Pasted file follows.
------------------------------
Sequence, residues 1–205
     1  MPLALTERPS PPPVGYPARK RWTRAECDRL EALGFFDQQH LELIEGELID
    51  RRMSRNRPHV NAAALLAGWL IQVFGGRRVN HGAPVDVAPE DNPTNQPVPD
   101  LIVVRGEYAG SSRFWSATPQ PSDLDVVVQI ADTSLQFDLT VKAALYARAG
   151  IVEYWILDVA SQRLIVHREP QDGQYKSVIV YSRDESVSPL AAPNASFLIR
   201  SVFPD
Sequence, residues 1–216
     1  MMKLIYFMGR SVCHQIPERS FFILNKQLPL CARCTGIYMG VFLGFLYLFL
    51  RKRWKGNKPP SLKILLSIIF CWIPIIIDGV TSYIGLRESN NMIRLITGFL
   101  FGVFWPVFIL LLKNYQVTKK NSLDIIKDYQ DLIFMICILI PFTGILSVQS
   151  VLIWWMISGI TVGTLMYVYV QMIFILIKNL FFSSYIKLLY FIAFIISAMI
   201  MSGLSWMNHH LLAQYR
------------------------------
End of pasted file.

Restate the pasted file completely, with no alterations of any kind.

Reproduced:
Sequence, residues 1–205
     1  MPLALTERPS PPPVGYPARK RWTRAECDRL EALGFFDQQH LELIEGELID
    51  RRMSRNRPHV NAAALLAGWL IQVFGGRRVN HGAPVDVAPE DNPTNQPVPD
   101  LIVVRGEYAG SSRFWSATPQ PSDLDVVVQI ADTSLQFDLT VKAALYARAG
   151  IVEYWILDVA SQRLIVHREP QDGQYKSVIV YSRDESVSPL AAPNASFLIR
   201  SVFPD
Sequence, residues 1–216
     1  MMKLIYFMGR SVCHQIPERS FFILNKQLPL CARCTGIYMG VFLGFLYLFL
    51  RKRWKGNKPP SLKILLSIIF CWIPIIIDGV TSYIGLRESN NMIRLITGFL
   101  FGVFWPVFIL LLKNYQVTKK NSLDIIKDYQ DLIFMICILI PFTGILSVQS
   151  VLIWWMISGI TVGTLMYVYV QMIFILIKNL FFSSYIKLLY FIAFIISAMI
   201  MSGLSWMNHH LLAQYR